Apartheid jail time has helped me cope with lockdown, says Saths Cooper
The psychologist and activist believes the ‘have-nots’ will, psychologically, fare much better than the ‘haves’
Clinical psychologist and anti-apartheid activist Saths Cooper says his generation of activists has, during lockdown, turned to humour and reminiscing about the old days.
“Those of us who are still alive, that is. This reminds us of what happened.”
Cooper believes he and his comrades, who survived isolation and solitary confinement, are more resilient to the national lockdown than others. However, the scenarios are vastly different.
“There you were, at the mercy of your jailer as to whether you were in isolation or saw other inmates. I had nine years of that.”
Cooper said lockdown was “easier” because everyone faced the same restrictions.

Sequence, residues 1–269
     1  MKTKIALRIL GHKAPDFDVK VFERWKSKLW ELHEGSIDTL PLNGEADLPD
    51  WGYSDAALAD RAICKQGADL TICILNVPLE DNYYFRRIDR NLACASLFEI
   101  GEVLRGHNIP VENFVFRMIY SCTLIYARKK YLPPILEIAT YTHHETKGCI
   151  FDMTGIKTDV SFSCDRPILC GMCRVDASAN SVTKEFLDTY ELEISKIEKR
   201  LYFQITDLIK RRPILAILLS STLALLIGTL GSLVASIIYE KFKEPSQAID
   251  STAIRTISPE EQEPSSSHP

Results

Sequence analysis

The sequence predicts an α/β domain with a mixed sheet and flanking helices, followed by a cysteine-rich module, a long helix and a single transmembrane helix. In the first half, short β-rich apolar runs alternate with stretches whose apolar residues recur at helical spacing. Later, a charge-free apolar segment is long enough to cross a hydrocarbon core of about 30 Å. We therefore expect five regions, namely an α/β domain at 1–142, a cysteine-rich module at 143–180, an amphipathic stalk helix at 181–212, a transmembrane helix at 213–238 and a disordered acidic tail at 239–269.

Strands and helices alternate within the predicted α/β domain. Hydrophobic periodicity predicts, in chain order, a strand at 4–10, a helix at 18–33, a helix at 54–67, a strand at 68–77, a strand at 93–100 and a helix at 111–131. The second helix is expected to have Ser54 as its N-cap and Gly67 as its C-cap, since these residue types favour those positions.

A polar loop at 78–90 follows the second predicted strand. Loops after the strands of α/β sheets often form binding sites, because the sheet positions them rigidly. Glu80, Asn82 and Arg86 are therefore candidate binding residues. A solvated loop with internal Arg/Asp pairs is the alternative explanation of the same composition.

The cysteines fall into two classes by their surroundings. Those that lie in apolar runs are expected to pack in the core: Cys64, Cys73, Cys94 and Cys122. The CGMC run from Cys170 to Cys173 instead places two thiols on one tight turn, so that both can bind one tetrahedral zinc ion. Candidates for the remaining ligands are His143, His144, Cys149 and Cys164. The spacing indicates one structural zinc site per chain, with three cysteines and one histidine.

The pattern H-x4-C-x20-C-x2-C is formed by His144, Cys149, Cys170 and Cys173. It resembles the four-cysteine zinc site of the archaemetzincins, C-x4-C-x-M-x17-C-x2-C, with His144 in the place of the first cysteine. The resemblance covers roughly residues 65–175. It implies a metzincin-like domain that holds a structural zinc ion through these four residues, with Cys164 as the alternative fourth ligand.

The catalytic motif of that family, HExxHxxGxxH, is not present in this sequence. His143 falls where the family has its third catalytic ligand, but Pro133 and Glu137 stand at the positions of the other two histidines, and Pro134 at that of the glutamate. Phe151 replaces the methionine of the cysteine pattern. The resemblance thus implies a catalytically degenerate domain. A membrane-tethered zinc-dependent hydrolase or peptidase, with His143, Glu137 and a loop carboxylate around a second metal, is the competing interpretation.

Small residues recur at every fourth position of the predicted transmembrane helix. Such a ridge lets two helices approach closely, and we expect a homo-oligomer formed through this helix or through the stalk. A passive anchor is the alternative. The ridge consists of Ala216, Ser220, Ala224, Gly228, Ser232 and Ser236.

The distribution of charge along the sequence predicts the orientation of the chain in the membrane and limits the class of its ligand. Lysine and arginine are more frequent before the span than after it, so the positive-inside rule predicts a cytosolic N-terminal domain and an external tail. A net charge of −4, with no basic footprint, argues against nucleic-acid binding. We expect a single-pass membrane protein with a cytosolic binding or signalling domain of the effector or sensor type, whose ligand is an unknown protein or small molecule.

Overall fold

As an anti-apartheid activist, he was instrumental in organising the Viva Frelimo rallies in 1974, for which he was arrested under the Terrorism Act and sentenced to 10 years in prison in 1976.
He served his term in various prisons, including on Robben Island, and was released on December 20 1982.
“For those of us who experienced solitary order, isolation in prison, we can be very useful in helping others during this time. Colleagues and family have asked us how we dealt with it.”
Cooper said his observation as a psychologist was that there was a marked difference between the “haves” and the “have-nots” in lockdown.
“Have-nots will have a more resilient psychological make-up to deal with this.”
He added that he was more concerned about law-enforcement’s heavy-handedness than he was about the psychological consequences of lockdown.
“It shows that we are a violent society. It is cowardly for a police officer to beat someone. Arrest people, don’t beat them up.”
The solution, he said, was for police officers and soldiers to undergo training to change their responses when enforcing the law.